Despite a crazy amount of propaganda from the right, most Americans have woken up to the fact that daily mass shootings in America do not arise from a video game problem or a mental health crisis; it's the guns, stupid.
The horrific shootings at Uvalde, Tx, finally got the attention of the two holdout Senators in the Democratic party, Senators Manchin and Sinema, and a House Bill that had been languishing for lack of support in the Senate finally made its way through Congress to the President's desk. Knowing that the bill was likely to pass without Republican support, 15 Republicans decided to sign on to make it a bipartisan bill, the Safer Communities Act, that was finally signed by President Biden on June 25, 2022.
Gun reform is a huge issue, and this bill only moves the needle a tiny bit, but it is still hugely significant because, so far, representatives beholden to the NRA and their gun-fetishing primary voters have refused to do anything at all. The hope is that this bill is just the beginning of a reevaluation of American gun culture and a momentum for more action in the future.
Here is what the bill does:
Juvenile records, including those regarding mental health, would for the first time be required in criminal background checks for prospective gun buyers under the age of 21.
Provide $750 million in federal money to states that create so-called red flag laws, which allow guns to be temporarily confiscated from people deemed dangerous by a judge. (Unfortunately, leaving it to the states means only a few Democratic states or states with Democratic Governors are likely to implement this.)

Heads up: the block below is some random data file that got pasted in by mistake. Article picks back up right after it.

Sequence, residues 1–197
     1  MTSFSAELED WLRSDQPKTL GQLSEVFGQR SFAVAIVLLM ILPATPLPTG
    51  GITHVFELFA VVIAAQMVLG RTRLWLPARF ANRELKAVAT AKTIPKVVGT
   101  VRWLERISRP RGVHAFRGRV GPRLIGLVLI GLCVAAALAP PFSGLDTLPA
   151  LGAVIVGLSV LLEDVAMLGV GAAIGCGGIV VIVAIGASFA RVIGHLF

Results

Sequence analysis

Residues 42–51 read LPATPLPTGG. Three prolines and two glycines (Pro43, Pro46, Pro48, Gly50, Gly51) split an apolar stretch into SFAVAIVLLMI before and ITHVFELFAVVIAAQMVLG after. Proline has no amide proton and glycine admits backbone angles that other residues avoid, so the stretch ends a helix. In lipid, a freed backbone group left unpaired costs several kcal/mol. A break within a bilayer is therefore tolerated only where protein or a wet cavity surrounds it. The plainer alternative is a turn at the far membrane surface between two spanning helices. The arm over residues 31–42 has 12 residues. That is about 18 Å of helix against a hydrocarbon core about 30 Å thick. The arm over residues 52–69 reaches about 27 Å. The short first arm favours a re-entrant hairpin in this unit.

Expand current law that bars people convicted of domestic violence or subject to a domestic violence restraining order from buying a gun.
Allocate billions of dollars to schools and communities for expanding mental health programs.
Crack down on “straw purchasers” or people who buy guns for those who would not qualify. Establish a penalty of up to 15 years in prison or 25 years if the firearms are used in connection with serious criminal activity like drug trafficking or terrorism.
Unfortunately, the bill doesn't deal with some gun reform measures that are extremely popular across party lines, like universal background checks, smart guns, and banning assault weapons. No mandatory waiting period, no licensing for guns, no blanket prohibitions for domestic abusers, and no to many other common sense reforms that were stymied for lack of support in the Senate. But it is still the first bill to be passed dealing with guns in years. To get real action on gun reform, more Democratic representation in the House and Senate is needed, since these measures have broad public support.